First off i've never, ever touch my memory speed, i dont know how it works so i'm in need of help
is it best to lower the timing or get them higher for better performance ?
also do i just adjust the timing by 1 then restart the pc and run memtest threw a cd while boot ?
how do i know what speed i can raise it ?
what i am currently at :
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This is Corsair Vengance DDR3 rated at 1600Mhz but not close to running at it, even if i set it to 1600 my pc will not post
so i'll need all the little help i can take
Higher speeds will generally give you more benefit than tighter timings. As long as your ram is stable at stock, there should be no need to run memtest. You can run any stress test to gauge stability, prime95, linx etc
You might want to try setting xmp in the bios, this should load the performance profile for the ram. Best bet though is to manually enter the settings yourself. Have a look at what your sticks are supposed to run at... I'm guessing your voltage may have defaulted too low to run @1600,it looks like you're running 4x4GB?
Try setting the first 3 timings the & voltage, if you set it to 1600 in bios it will read as 800 in cpu-z (right now you're running at 1333)
what revision is it
if its 8.16 rma it
either run it @ 1.6-1.65v or rma
even my crappy 2x4gb 1600 cas9 snipers can do 2000mhz 1.6v
my 2133 cas9 2x4gb can do 2280mhz
i'm so glad i don't buy corsair
XMP on will not boot, default timing is what you see in the CPU-Z Screenie and Stock voltage for these ram stick is 1.5V and yes its 4x 4GB Sticks
only thing i can see on the tags is Ver2.12
If you have the same stuff I do, I couldn't get it to post at 1600Mhz either without raising the voltage until I set the timings manually. The timings for the vengeance I have are 9-9-9-27 and it auto sets them to 9-9-9-24 @ 1333Mhz which is the SPD latency but my ram didnt like me running it at 1600Mhz with those timings unless i upped the voltage.
If you want to run them at 9-9-9-24 which is the SPD latency then you need to have the ram running at 1333Mhz if you want to run it at 1600Mhz you need to up the Timings to 9-9-9-27. Keep voltage at 1.5V unless you are overclocking.
Delay (in your memory) is a function with 2 factors, timings and speed.
The lower the timings, the lower the delay. The higher the clock speed, the lower the delay.
For example, [email protected] = 9 nanoseconds, [email protected] = 9 nanoseconds. Another example: [email protected] = 13.5 nanoseconds, [email protected] = 11.25 nanoseconds.
So if you have to slightly loosen timings (that is increase them slightly) to make it work, you probably won't notice any more or less delay.
XMP profiles are JDEC presets. No overclocking there. You said you wanted to improve performance, so start by changing XMP to Manual. Then all your memory timings in bios to AUTO, and Memory speed/frequency to what it says on the RAM ie: DDR3 1600MHz.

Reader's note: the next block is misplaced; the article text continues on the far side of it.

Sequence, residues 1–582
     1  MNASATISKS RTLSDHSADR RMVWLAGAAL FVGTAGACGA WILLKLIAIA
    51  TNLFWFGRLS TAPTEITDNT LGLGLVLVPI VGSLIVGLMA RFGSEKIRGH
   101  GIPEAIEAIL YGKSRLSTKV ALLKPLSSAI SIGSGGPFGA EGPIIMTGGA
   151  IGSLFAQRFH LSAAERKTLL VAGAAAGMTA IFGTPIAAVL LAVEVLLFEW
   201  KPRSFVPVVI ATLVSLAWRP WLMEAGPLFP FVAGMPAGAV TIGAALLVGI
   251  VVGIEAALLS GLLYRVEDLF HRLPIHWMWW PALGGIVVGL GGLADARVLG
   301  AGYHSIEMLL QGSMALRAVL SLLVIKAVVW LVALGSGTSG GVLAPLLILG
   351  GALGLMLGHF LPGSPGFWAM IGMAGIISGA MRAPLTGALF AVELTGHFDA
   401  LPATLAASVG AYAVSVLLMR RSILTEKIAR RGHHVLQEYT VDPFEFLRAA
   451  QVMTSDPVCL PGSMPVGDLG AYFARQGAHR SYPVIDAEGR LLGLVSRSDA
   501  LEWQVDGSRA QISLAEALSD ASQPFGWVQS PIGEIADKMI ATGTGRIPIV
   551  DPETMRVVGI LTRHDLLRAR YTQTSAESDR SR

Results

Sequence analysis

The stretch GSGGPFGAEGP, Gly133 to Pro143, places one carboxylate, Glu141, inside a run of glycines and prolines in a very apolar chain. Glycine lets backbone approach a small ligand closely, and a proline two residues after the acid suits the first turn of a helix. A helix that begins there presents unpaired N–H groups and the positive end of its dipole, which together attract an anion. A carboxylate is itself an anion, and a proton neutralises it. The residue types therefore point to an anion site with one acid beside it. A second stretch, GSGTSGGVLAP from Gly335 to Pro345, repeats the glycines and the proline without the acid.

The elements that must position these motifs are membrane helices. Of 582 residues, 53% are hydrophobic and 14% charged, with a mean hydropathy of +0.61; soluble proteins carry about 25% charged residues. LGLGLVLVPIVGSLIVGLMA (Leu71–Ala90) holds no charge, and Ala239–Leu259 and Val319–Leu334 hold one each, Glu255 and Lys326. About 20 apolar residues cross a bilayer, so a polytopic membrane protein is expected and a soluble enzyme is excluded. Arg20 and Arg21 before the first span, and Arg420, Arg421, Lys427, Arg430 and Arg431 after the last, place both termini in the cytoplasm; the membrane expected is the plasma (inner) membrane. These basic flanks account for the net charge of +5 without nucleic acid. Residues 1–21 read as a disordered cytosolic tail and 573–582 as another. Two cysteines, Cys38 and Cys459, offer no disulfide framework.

You will benefit more from higher frequency versus tighter timings, but you may need to loosen your timings and/or raise RAM/IMC voltage. ie: to go from 1600MHz to 1866MHz, you may need to go from ie: 9-9-9-27 1T, to 10-11-10-30 and/or 2T. Some setups require more voltage, and some will allow higher frequencies and/or looser timings with no voltage increase at all. Another factor is the voltage of your IMC (ie: VCCIO) on the CPU. This also may have to be raised to support the memory overclock. So basically, your results will vary. What you said in your original post about making changes and testing them, is spot on. Use Prime95-Blend and Memtest. Do a search online for how long you should test for, and decide on a comfortable time. Some will say they test for 1 hour, while others say 12 hours. In the end it will be up to you to decide.
CPU overclocks I will test for 4-10 hours (Intel Burn Test and Prime95 Small FFT). If I'm overclocking closer to the thermal limit of the CPU, I will test for longer than I would for a smaller CPU overclock over stock.
If I recall with 2500k the QPI is 1.35v and the ram max of 1.65v, look at the XMP/Jedec profile, you may not be selecting the proper one, I know Gskill and Corsair to my knowledge had 2 different profiles set for thier ram, first one with higher volts was for the first gen i7 series, second profile for second gen or sandy-bridge(2500-2600 chips) they have different QPI voltages ram settings etc, choosing the first gen i7 profiles will 99% of time cause the chip to BSOD due to safeguards kicking in.
9,9,9,24-27 but may need a touch more volts i.e instead of 1.5 try 1.51 and such, it may help. simply, if there is not enough voltage fed to the IMC(QPI) then it will BSOD its designed to. The other thing in regards to timings is running them 1T or 2T can sometimes make a world of difference.
set voltage to 1.6v n go 1866-2133:punk: 9-11-9-28-6-160
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